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18-gun brig 24-pounders 38-gun frigate 6-pounders 74-gun ship action afterwards anchored armed arrived attack battery BATTLE OF TRAFALGAR boarded and carried boats boatswain bore British navy British ships broadside Captain captured carronades Charles chase close colours Commander commenced Commodore convoy corvette crew cruising cutter deck despatched destroyed Duguay Trouin Edward endeavoured enemy enemy's engaged fell felucca fleet flotilla four French French frigate French ships gallant gallantly gun-boats guns harbour hauled heavy fire Henry hoisted island James killed and wounded larboard latter leeward Lieutenant John Lieutenant of marines Lieutenant William Lord Lord Cochrane Lord Nelson loss lugger marines wounded master master's mate masts midshipman miles mounting musketry naval medal Nereide officers Patriotic Fund port privateer prize quarter Rear-Admiral rigging Robert sail San Fiorenzo schooner Seahorse seamen and marines shore shot signal sloop Spanish starboard tack stern stood surrendered Thomas troops vessels wind windward
Page 140 - I am going fast : — it will be all over with me soon. Come nearer to me. Let my dear Lady Hamilton have my hair, and all other things belonging to me.
Page 425 - I entreat you, sir, not to imagine that I am urged by mere personal vanity to the wish of meeting the Chesapeake, or that I depend only upon your personal ambition for your acceding to this invitation : we have both nobler motives. You will feel it as a compliment if I say, that the result of our meeting may be the most grateful service I can render to my country ; and I doubt not that you, equally confident of success, will feel convinced that it is only...
Page 463 - And smiles on glorious fate. To live with fame The gods allow to many; but to die With equal lustre is a blessing Heaven Selects from all the choicest boons of fate. And with a sparing hand on few bestows.
Page 140 - I suppose, my Lord, Admiral Collingwood will now take upon himself the direction of affairs.
Page 33 - Lord Nelson has been commanded to spare Denmark when she no longer resists. The line of defence which covered her shores has struck to the British flag; but if the firing is continued on the part of Denmark, he must set on fire all the •prizes he has taken, without having the power of saving the men who have so nobly defended them. The brave Danes are the brothers and should never be the enemies of the English.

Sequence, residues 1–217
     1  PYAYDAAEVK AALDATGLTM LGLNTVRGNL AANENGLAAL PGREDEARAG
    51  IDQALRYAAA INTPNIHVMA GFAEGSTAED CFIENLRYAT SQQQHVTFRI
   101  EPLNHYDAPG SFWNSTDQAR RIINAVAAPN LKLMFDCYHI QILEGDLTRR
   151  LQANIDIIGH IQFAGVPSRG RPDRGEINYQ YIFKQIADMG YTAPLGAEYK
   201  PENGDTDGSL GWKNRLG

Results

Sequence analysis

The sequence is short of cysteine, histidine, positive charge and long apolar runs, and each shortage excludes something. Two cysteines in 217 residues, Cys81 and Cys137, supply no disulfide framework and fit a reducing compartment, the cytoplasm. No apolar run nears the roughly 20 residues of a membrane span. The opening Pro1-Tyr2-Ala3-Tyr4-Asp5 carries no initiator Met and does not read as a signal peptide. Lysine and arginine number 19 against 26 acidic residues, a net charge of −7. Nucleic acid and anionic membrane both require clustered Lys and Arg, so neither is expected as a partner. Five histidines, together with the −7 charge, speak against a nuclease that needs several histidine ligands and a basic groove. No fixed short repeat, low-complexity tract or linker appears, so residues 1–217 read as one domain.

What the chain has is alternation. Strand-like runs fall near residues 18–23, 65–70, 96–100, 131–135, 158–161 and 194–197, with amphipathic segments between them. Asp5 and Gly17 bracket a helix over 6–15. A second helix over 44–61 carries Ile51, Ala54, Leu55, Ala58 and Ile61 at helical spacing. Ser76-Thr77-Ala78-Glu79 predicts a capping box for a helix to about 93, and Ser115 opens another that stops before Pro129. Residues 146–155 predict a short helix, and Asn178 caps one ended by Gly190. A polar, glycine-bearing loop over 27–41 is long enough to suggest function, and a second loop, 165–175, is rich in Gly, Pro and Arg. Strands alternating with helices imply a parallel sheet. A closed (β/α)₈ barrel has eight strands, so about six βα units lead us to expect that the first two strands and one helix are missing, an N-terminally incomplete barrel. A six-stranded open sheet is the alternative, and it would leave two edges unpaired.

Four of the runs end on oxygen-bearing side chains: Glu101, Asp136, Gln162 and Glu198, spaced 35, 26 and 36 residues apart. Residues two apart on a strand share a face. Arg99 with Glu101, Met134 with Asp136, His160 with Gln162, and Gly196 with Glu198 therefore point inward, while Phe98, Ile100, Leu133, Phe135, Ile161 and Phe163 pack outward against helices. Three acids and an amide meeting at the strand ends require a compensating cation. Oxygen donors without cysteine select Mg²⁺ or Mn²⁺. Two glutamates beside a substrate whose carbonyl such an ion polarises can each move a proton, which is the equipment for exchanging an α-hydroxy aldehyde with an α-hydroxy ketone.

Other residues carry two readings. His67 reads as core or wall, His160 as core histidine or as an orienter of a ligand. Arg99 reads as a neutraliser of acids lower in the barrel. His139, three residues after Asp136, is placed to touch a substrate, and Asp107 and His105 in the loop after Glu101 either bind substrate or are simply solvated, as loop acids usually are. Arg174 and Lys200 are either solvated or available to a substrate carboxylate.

Page 425 - You will feel it as a compliment if I say, that the result of our meeting may be the most grateful service I can render to my country; and I doubt not that you, equally confident of success, will feel convinced, that it is only by repeated triumphs in even combats that your little navy can now hope to console your country, for the loss of that trade it can no longer protect.
Page 47 - Come cheer up my lads, 'tis to glory we steer ;' the military band of the garrison answering with ' Britons strike home.' The effect of this scene it is difficult to describe : Englishmen were proud of their country ; and foreigners, who beheld the scene, wished to be Englishmen. So general was the enthusiasm...
Page 517 - The four ships to windward, part of the Egyptian squadron, were allotted to the squadron of rear admiral de Rigny ; and those to leeward in the bight of the crescent, were to mark the stations of the whole Russian squadron ; the ships of their line closing those of the English line, and being followed up by their own frigates. The French frigate Armide...